The Phillies played 162 regular season games in 2010 and scored 772 runs, which is about 4.77 runs per game. Not every starting pitcher got the same offensive support in their starts, of course. For example, the Phillies went 18-15 in the games that Cole Hamels started, but fared better in the games that Joe Blanton started (17-11) despite the fact that Hamels pitched much better. That has a whole lot to do with what their offense did in the games started by Hamels compared to what it did in the games that Blanton started. In the games that Hamels started, the offense scored an average of 3.76 runs per game, which is more than a full run lower than their average for the season. In the games that Blanton started, the offense scored an average of 5.89 runs per game — more than a full run more than their average for the season.
If the Phils had scored 4.77 runs in each of the 162 games they had played, they would have gone 98-64 instead of 97-65. That’s not much of a difference. But while it might not add up to a huge difference overall, it did make a difference when it came to their results based on who the game’s starting pitcher was.
The table below shows, for the six Phillies who started at least 12 games for the team in 2010, the average runs scored per game in that pitcher’s starts, the team’s actual record in their starts, what the team’s record would have been if they had scored 4.77 runs in every game started by that pitcher, and the wins the team would have added or lost if that had happened.
|R per game||Team actual
|W-L if team
scored 4.77 in every game
So, for example, the Phillies scored 3.76 runs per game in the 33 games that Hamels started and went 18-15. If the Phillies had scored 4.77 runs in every game that Hamels started, but allowed runs exactly as they did, they would have gone 22-11 in the games that Hamels started. That’s four more wins, which is why there’s a four in the +/- column.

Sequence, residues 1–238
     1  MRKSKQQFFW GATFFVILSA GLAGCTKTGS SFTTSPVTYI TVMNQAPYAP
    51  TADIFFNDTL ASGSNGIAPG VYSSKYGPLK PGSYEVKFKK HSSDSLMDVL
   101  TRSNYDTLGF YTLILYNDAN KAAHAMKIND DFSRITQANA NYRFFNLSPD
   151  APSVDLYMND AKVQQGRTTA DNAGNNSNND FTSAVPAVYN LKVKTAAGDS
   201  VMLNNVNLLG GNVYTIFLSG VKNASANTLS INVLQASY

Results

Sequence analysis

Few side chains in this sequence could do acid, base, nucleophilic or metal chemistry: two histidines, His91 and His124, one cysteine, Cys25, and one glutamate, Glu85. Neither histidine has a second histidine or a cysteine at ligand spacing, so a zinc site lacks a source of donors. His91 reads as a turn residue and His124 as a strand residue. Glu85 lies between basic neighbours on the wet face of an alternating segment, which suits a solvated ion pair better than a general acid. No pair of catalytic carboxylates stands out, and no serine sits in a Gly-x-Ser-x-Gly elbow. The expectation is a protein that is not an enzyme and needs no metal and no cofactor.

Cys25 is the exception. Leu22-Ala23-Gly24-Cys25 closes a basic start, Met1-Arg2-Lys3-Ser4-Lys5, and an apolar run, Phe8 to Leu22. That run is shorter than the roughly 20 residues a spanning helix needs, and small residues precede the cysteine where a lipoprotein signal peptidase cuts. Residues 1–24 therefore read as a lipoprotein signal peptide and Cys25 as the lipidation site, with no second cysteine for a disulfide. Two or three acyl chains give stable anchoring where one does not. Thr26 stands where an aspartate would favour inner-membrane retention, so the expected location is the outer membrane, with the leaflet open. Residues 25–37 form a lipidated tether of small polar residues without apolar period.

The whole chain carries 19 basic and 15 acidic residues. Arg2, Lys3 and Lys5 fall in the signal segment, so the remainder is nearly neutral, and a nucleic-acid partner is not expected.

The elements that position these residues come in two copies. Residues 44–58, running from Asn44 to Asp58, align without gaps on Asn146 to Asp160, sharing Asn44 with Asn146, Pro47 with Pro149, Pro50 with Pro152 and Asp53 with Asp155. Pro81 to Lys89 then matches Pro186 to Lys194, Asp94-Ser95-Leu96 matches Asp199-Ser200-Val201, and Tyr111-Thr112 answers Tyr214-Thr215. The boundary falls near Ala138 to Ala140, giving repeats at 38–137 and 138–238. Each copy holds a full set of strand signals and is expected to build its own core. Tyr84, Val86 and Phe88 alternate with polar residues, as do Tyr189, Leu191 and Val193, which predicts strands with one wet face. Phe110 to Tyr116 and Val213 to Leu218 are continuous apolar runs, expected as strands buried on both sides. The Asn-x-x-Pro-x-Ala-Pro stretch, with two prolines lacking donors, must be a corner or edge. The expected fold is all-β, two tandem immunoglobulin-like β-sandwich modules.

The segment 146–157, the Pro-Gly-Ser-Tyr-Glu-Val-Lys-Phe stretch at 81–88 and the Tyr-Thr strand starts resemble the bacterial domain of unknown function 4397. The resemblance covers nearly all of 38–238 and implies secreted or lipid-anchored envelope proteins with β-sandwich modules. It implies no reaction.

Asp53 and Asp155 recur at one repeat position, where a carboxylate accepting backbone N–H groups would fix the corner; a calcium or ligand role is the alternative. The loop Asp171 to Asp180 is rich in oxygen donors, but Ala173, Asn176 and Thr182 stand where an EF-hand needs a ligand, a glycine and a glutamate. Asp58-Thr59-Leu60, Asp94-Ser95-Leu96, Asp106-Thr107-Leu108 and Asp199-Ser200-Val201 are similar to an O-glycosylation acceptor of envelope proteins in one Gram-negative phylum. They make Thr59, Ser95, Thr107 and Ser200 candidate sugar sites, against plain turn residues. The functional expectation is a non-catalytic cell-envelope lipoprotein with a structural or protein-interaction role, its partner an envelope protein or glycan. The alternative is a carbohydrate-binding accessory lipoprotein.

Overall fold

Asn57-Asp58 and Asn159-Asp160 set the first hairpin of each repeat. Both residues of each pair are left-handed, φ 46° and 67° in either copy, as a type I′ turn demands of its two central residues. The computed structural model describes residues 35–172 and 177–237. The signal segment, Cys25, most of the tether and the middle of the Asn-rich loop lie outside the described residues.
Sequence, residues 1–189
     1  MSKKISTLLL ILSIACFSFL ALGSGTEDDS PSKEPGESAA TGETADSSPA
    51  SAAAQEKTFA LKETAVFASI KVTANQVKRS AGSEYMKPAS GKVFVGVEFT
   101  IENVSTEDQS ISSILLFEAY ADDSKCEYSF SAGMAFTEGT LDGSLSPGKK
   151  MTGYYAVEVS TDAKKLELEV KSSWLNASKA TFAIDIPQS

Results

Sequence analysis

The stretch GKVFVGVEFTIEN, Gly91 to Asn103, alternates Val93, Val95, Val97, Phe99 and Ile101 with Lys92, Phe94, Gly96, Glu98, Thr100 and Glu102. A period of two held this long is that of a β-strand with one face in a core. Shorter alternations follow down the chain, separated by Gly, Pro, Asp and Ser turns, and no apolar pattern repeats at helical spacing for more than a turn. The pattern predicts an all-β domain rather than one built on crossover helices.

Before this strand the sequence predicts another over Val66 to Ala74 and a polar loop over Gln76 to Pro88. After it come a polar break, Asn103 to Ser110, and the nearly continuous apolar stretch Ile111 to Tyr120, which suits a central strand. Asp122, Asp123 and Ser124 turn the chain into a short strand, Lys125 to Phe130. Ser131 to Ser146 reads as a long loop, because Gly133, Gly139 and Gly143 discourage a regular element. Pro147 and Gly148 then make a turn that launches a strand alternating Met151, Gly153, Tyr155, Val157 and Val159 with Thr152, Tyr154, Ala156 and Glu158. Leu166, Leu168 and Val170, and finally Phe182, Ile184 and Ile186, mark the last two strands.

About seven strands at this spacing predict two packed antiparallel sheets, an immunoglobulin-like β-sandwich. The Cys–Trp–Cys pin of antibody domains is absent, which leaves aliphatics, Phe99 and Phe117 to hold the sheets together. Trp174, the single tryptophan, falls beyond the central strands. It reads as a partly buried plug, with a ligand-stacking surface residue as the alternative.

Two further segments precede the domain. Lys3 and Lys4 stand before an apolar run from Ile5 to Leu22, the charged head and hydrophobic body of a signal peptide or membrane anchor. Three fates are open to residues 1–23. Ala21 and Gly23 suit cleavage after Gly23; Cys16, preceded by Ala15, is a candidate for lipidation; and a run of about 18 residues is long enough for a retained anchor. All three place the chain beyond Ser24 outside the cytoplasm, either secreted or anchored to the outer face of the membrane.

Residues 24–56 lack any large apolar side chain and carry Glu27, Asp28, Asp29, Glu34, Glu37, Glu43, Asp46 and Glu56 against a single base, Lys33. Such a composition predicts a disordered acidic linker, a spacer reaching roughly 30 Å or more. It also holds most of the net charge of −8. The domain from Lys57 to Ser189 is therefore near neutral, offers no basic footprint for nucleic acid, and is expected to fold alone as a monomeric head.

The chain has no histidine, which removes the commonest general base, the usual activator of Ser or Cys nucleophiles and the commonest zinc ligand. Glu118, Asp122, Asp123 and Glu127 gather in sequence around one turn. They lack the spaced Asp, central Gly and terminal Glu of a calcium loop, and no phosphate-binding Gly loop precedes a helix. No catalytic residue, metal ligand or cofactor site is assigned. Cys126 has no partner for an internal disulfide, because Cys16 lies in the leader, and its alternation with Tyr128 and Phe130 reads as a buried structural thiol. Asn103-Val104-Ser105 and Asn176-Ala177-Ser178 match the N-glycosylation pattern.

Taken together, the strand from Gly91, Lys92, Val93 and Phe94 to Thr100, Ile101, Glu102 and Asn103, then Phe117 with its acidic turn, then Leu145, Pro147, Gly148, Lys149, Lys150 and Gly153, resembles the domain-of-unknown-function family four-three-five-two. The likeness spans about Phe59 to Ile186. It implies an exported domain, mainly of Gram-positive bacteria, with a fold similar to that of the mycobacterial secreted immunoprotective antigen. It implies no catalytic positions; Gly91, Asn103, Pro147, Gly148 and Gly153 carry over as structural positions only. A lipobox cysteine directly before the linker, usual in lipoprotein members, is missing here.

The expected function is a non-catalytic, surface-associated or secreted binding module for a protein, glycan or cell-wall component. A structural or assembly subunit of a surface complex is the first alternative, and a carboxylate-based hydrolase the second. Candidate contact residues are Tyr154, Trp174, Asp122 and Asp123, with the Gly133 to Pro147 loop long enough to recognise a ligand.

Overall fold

For me, the biggest surprise is how things evened out. The Phils may have cost themselves some games in 2010 by not putting up runs with Halladay and Hamels on the mound, but they just about made up for it by pounding the ball when Blanton and Kendrick were on the hill. As I mentioned above, if they had scored the same number of runs in every game they only would have won one more game. And that’s if they could figure out how to put .77 runs on the board.
Did you hear the one about the Phillies’ best offensive player from last year deciding he’d rather play for a team that has lost 298 games over the past three years and has made the playoffs less often in the 42-year history of its organization than the Phillies have in the last two years? And that the Phils won’t be getting a good pick back as compensation? It’s a hoot.
That said, it’s tough to be too hard on Werth. What with putting up a 1.361 OPS against the Rays in ’08 as he helped the Phils win the World Series and whatnot.
No worries, though, this article suggests that Jeff Francoeur, Matt Diaz, Scott Hairston, Josh Willingham or Juan Rivera might be the cure for what ails the Phils. I’m having some trouble getting excited about that, really especially Francoeur, Diaz or Hairston. Willingham or Rivera might be okay, I suppose.
In this article linked above, Amaro seems to suggest that Domonic Brown might not start the year with the Phils. It suggests that Amaro said that Gload might be part of a left-handed platoon in the outfield. Maybe they can put Gload and Rivera out there and give us all a chance to see just how fast Shane Victorino really can be.